Paintings of the hand and foot. 150 gsm watercolor paper. Drawing was done with technical pen. Painted using Inkense pencils.
This blog post is about my experiences in preparing for the practical part of the medical license exam in Sweden. I have provided relevant links and study tips for the practical exam in this post.
Everyone who passed the theory part of the exam is eligible to appear for the practical part. One is eligible to appear for the exam for a maximum of three times. The exam happens four to five times an year and the exam centres are Umeå and Göteborg (although they say Göteborg for all practical purposes, the exam actually happens in the Mölndals sjukhus, which is located in the Mölndal kommun). You get your turn to participate in the exam based on a priority ordering – those who cleared the theory earlier than you get a higher queuing time and they get prioritised in the waiting list for the practical exam. Thus, it is possible that you will need to wait for around 3-6 months for getting a chance to appear for the practical exam after clearing the theory part. Meanwhile, it is important to not lose patience and study systematically.
When I went through the practical exam questions, I figured out that I could learn easily if I have study partners. The practical exam is all about testing how you approach a patient, and this approach differs from country to country. You’ll need to learn the Swedish way of approaching patients. If you study on your own, chances are that you sometimes reinforce your own mistakes by misinterpreting the answer scheme or by not understanding some subtle aspects of the questions. Having study partners means that they can see the question from a fresh perspective and they can bring new ideas to the table. They can also correct your mistakes and teach you the topics that you are weak at. So, I strongly recommend that you prepare for the practical exam with study partners, at least half of your study time. From my experience, studying as a group online via Zoom also works well. The ideal group size according to me is three. If you are more than 5-6 people, it gets messier, so it is better to split yourselves into two groups of three people.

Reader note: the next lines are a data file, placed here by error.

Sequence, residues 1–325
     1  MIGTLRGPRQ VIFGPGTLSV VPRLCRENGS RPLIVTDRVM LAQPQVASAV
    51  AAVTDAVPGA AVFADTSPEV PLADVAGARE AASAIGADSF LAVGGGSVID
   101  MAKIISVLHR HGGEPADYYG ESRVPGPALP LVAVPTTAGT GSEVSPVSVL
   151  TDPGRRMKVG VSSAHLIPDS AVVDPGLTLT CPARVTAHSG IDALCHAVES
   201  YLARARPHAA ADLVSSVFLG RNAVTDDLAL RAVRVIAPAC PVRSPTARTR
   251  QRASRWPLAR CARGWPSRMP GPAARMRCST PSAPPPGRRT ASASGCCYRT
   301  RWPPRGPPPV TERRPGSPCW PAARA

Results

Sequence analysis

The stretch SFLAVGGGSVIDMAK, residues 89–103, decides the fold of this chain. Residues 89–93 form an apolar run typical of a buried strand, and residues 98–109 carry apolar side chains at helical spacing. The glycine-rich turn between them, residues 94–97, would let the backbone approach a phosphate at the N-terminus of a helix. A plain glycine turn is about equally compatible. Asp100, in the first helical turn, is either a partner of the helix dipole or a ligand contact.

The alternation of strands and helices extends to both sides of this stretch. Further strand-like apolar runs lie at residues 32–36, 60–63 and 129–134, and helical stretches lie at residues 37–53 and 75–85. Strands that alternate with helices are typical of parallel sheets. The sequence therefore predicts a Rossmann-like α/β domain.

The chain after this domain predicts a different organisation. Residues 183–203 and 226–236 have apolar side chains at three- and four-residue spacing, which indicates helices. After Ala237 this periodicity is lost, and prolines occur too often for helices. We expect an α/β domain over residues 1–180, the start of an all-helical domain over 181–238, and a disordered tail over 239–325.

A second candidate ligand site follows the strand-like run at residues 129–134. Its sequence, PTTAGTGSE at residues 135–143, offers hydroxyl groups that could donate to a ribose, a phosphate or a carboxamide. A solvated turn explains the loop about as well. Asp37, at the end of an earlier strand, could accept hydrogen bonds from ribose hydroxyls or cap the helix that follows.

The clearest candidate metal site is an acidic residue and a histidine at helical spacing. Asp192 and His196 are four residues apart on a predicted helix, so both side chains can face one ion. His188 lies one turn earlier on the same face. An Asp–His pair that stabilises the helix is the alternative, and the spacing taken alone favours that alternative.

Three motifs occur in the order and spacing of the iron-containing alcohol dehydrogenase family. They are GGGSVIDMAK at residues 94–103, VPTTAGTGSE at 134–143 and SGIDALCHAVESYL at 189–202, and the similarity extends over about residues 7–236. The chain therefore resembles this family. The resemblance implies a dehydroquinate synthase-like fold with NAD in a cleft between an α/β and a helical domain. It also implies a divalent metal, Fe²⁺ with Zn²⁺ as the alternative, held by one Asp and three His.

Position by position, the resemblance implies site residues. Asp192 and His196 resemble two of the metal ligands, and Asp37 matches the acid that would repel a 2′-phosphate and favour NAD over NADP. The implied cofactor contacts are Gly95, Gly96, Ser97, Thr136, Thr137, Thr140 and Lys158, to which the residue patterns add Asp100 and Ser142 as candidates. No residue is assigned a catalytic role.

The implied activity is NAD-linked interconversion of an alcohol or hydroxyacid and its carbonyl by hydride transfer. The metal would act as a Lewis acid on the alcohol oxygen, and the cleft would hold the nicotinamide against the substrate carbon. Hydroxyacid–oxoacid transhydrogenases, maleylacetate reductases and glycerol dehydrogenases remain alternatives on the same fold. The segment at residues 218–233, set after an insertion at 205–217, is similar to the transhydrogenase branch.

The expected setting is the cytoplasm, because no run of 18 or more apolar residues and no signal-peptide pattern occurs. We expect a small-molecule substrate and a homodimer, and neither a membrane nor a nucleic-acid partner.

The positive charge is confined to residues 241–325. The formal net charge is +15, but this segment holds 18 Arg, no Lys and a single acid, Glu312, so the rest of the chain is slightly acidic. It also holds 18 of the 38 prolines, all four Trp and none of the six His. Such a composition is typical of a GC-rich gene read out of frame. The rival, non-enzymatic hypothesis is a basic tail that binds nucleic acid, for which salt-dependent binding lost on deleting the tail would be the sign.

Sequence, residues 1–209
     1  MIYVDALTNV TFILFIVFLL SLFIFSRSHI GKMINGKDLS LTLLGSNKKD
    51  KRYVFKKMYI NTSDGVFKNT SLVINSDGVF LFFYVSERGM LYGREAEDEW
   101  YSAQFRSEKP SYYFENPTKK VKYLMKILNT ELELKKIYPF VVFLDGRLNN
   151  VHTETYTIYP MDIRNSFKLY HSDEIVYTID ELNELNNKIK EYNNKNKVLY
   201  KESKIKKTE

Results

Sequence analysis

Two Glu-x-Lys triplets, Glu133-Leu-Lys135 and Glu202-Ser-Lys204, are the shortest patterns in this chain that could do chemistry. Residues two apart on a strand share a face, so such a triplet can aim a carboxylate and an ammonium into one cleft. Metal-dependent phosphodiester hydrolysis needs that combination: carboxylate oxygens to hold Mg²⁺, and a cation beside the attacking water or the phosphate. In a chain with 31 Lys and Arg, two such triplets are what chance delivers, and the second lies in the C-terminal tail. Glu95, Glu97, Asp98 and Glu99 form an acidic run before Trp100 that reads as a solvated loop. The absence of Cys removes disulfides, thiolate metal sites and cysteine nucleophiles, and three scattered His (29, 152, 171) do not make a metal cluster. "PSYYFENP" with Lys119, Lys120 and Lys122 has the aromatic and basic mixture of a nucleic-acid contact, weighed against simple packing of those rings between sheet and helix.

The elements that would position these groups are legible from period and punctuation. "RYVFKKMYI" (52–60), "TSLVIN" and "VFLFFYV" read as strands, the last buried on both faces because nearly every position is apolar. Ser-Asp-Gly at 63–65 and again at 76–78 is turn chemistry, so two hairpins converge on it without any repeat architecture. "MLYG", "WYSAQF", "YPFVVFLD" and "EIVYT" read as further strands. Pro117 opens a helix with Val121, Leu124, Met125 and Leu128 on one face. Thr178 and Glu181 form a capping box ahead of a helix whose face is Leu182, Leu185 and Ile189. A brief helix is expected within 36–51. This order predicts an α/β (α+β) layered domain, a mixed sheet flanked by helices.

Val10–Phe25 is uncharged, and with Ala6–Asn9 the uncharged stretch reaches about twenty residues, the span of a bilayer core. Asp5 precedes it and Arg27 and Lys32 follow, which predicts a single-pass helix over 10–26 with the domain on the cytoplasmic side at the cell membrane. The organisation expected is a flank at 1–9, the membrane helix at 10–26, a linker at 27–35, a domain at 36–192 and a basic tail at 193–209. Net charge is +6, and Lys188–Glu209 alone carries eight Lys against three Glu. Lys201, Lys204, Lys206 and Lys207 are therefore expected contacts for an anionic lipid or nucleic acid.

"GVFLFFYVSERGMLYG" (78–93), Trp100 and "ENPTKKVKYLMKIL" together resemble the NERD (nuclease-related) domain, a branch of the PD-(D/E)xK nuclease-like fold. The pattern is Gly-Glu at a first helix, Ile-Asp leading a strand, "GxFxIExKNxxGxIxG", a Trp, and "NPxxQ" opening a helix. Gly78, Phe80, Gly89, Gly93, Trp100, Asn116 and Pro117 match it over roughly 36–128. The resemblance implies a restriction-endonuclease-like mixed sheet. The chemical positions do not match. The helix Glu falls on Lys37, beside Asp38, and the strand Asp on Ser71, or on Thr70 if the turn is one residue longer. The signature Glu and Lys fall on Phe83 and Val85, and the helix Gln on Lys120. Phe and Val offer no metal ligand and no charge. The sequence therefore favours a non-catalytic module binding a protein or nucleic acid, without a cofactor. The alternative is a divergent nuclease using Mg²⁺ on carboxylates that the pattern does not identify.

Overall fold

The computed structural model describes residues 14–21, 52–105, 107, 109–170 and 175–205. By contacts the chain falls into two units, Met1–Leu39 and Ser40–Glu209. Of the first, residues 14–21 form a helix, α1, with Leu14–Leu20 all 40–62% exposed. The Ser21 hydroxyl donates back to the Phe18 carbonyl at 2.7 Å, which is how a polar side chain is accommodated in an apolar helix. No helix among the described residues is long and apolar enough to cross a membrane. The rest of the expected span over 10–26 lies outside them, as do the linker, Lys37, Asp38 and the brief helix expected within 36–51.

You can find all previously asked questions here (link requires UmU Moodle access). Ensure that you also go through the latest previous questions asked at Umeå University for their medical students which they update here (Moodle access required). I was late to find out about this and I regret that I did not go through it sooner. There were instances where these questions were repeated at the practical exam. Having contacts with those attending the KUL program at Umeå University is also helpful as they are likely to have access to a lot of reading material for the practical exam. The exit test for KUL program is the Day 1 (6 minute stations) of the practical exam, so the KUL students are essentially preparing for the same exam as you.
Most of the questions and concepts are repeatedly asked, so ensure that you study these repeating questions thoroughly. However, there will be new questions too, so it is important that you have a basic understanding about the commonly found disease conditions in Sweden. Read all the previous questions, and then make a clear plan about how you will approach each of the cases. Chart out a timeline for what topics you will study and when. Find study partners from the facebook or telegram group for foreign doctors in Sweden. There is also a Whatsapp group for Indian doctors in Sweden (contact me for details). It is also possible to go to Moodle>Kunskapsprov för läkare>Deltagare and search for those registered for the exam by using the keyword ‘Anmälda till praktisk prov’ and find those students who will appear for the exam with you. Find the profiles of these people and write direct messages to them.
It is good if you have access to KTC (every University has one, check at the University hospital near you), where you can practice clinical examination on dummies and perform procedures such as catheterising and diluting medication. You can buy suturing set, Peak Expiratory Flow Meter, BP monitor, knee hammer, tuning fork and other common devices online on Amazon.de or Wish.com. I also bought a Mini Anne from HLR-butiken to practice HLR. Buying all these stuff costs a lot of money, but my thought was that it was better to spend money and pass, rather than to save money and fail the exam.